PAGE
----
Importantly, the 22 experts who provided their consent and actively participated in the first round continued their involvement in subsequent rounds, ensuring consistency and reliability throughout the study. Their consistent engagement allowed for valuable insights and opinions to be gathered throughout the iterative process.

Overall, the composition of the expert panel, their extensive teaching experience, practical expertise, and continued participation throughout the study greatly contributed to the depth and credibility of the findings. The demographic characteristics of the expert panel who participated in the study are presented in Table 1.

N (%)
Gender Male 16 (72)
Female 6 (27)
Year of experience 5-10 years 9 (40)
10-15 years 9 (40)
More than 15 years 4 (18)
Have been a skill trainer Undergraduate medical students 22 (100)
Postgraduate medical students 20 (91)
Have been skill assessor Undergraduate medical student 20 (91)
Postgraduate medical students 18 (82)
Medical educators Clinicians 12 (55)
Pre-clinical 10 (46)
Table 1.The demographic characteristics of the expert panel who participated in the study

Round 1

During the first round of the study, all 22 experts received a questionnaire containing a list of 54 procedural skills outlined in the NMC 2019 curriculum.

In round 1, two procedural skills achieved 100% agreement among the experts, three skills achieved 90-99% agreement, and four skills achieved 81-89% agreement. Only four skills reached a minimum agreement of 80%. Based on scoring stability, these 13 skills with 80% agreement or higher were included in round 2.

Round 2

In the second round of our study, a panel of experts was presented with a set of 13 procedural skills for assessment. From this selection, experts collectively recognized six procedural skills as prime for medical students in achieving competence. These skills achieved agreement levels of 80% or higher among the panel. However, the remaining seven procedural skills failed to attain the requisite level of consensus among the experts. This discrepancy indicated a lack of agreement among the experts regarding the relative importance of these skills.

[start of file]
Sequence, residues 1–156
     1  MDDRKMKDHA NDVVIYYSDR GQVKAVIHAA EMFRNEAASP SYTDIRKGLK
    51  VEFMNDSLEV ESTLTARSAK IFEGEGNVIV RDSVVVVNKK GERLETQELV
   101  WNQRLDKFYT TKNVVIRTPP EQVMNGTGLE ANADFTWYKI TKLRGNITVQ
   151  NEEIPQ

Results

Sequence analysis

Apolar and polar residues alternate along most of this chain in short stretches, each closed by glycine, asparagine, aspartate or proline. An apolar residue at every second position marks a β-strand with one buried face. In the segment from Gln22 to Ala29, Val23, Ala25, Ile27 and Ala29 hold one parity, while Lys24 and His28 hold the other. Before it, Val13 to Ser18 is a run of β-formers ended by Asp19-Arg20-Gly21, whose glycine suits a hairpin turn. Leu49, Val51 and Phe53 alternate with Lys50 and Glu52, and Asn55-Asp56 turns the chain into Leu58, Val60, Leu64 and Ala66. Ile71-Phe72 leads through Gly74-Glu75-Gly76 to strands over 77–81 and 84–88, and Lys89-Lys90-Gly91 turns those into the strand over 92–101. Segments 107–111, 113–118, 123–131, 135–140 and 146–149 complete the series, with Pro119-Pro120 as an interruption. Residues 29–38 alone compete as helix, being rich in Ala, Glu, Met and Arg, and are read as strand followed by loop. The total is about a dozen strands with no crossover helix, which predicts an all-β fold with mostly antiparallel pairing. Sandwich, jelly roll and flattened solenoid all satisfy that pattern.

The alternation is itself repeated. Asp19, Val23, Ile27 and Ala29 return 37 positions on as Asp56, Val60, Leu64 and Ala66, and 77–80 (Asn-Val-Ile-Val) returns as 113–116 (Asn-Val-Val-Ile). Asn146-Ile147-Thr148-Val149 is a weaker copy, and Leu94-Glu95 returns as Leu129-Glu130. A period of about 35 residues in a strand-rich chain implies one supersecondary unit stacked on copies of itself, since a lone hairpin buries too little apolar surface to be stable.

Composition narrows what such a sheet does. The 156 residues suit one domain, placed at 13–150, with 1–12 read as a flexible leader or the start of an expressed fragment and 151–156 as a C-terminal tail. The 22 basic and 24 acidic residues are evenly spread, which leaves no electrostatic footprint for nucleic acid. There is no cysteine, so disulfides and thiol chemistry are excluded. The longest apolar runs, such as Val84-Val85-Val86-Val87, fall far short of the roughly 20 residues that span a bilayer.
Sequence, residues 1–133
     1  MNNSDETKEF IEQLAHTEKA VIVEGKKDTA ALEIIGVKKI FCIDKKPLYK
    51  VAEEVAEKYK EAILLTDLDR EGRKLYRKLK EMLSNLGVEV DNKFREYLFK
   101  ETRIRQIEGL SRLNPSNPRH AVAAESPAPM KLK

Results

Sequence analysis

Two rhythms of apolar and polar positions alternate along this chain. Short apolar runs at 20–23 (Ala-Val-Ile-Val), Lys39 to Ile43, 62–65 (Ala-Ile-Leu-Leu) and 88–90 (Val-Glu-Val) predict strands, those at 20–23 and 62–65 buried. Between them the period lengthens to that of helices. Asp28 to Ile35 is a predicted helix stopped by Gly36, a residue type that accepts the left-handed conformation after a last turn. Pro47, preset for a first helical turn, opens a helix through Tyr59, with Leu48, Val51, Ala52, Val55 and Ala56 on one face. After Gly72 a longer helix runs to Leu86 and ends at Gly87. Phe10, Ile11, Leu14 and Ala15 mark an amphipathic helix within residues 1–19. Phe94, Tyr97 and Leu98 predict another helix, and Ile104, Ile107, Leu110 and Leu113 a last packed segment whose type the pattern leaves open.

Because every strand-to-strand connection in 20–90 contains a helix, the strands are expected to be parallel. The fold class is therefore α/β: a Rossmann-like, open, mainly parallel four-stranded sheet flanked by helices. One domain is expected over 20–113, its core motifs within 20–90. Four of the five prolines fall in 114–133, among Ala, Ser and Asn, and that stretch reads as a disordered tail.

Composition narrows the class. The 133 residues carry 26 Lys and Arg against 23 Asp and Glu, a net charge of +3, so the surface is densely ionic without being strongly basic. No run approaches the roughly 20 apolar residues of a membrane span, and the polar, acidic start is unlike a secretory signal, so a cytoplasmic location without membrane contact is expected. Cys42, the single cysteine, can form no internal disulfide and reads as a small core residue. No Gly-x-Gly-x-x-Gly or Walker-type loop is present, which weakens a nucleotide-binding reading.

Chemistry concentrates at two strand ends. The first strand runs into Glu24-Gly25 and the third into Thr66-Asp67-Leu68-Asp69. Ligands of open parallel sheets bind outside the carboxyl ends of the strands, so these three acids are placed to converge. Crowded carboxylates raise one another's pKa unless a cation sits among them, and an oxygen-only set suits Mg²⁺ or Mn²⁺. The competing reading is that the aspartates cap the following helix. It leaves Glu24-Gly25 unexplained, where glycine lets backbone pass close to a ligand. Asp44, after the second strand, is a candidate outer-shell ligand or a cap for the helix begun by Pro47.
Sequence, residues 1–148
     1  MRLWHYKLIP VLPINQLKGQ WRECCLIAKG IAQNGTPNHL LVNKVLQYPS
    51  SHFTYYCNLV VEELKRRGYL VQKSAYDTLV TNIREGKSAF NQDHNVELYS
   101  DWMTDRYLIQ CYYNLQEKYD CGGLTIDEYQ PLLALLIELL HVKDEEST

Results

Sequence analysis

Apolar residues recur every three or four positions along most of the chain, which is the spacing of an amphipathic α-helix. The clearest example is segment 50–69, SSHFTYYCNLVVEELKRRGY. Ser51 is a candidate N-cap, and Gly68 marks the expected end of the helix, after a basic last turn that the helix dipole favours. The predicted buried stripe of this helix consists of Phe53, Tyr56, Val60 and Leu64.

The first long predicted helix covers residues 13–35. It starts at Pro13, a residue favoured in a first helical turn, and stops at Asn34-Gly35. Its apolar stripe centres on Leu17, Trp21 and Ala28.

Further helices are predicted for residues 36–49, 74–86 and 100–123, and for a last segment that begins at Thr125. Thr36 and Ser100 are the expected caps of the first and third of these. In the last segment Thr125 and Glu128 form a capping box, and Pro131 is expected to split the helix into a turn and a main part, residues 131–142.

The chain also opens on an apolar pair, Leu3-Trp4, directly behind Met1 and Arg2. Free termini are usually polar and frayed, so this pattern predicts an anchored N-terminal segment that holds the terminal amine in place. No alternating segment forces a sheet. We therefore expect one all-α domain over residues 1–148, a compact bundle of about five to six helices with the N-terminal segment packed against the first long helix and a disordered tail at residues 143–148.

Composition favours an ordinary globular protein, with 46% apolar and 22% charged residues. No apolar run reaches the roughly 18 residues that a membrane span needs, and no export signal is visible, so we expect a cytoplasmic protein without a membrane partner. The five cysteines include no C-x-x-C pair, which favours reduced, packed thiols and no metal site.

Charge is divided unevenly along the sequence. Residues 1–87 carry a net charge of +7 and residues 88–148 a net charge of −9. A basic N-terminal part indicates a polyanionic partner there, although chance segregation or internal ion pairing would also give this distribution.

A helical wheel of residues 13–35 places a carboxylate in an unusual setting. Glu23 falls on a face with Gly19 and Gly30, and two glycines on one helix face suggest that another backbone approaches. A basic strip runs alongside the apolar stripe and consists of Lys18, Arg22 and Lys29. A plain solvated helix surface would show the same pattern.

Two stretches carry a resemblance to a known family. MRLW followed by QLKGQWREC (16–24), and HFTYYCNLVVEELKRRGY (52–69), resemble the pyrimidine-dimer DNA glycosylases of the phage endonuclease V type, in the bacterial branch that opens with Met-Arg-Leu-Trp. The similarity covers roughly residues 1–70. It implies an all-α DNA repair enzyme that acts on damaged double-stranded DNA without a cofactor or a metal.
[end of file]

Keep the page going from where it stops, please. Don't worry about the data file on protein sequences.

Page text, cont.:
Among the seven skills that lacked consensus, six demonstrated comparatively high agreement, with consensus levels ranging from 91% to 100%. It is worth noting that the skill of bandaging achieved a moderate agreement level of 59%, while the application of splints and slings exhibited notably lower consensus at 27%, suggesting discord among the experts regarding their significance. The consensus levels for the remaining seven skills that did not attain consensus were consistently below 80%.

Notably, it was determined that an additional list of procedural skills would not be submitted for further iteration. Instead, a summary of these findings was forwarded to the experts for their insights and suggestions in the forthcoming round 3 of the study.

Round 3

In round 3, each expert received an individual summary of the findings and was asked for additional feedback and suggestions. Encouragingly, full agreement was reached among the experts for all six procedures that were identified as essential for teaching (Table 2).

# Skill List Round #1 Round #2
No. of votes % of agreement No. of votes % of agreement
1 Basic life support 22 100% 22 100%
2 Intravenous Cannulation 22 100% 22 100%
3 Oxygen therapy 21 95% 20 91%
4 Nasogastric tube insertion 21 95% 21 95%
5 Peripheral blood smear interpretation 20 91%
6 Bandaging 19 86%
7 Urinary catheterization 19 86% 20 91%
8 Application of splint and slings 18 81%
9 Obstetrical examination 18 81%
10 Eye irrigation 17 80%
11 Skin biopsy 17 80%
12 Suturing 17 80% 20 91%
13 Inserting IUD 17 80%
Table 2.Results of agreement /disagreement in Delphi rounds

Based on this consensus, the six procedural skills was selected for the development of the training module. This marks a significant step forward in the study, as the identified skills will now be integrated into the curriculum to enhance the education and training of medical skills which is one of the objective of the research protocol developed by the authors. Additionally, interclass correlation analysis among the experts revealed a substantial level of agreement (ICC=0.767), indicating high reliability in the assessments or variables considered.


The field of medical education is constantly evolving, and it is crucial to align skill requirements with the needs of medical graduates. This ensures that medical students are adequately prepared for their future careers and enhances patient care and safety. In India, the National Medical Council ( 6 ) introduced a competency-based medical education curriculum in 2019, which listed 54 skills that Indian medical graduates need to be taught and certified. However, the curriculum does not specify the essential procedural skills to be taught during the clerkship posting.

The study aimed to determine the essential procedural skills for third-year medical students during their clerkship posting. To achieve this, a modified Delphi method was used, involving three rounds of expert consensus. The involvement of clinician experts was important as it brought together their teaching experience and direct engagement in clerkship activities as supervisors. This combination of teaching and practical expertise enhanced the credibility and applicability of their perspectives. The experts' extensive teaching experience played a vital role in shaping the research outcomes, ensuring the identified procedural skills were relevant and credible. Their expertise also provided valuable recommendations for improving medical education and training.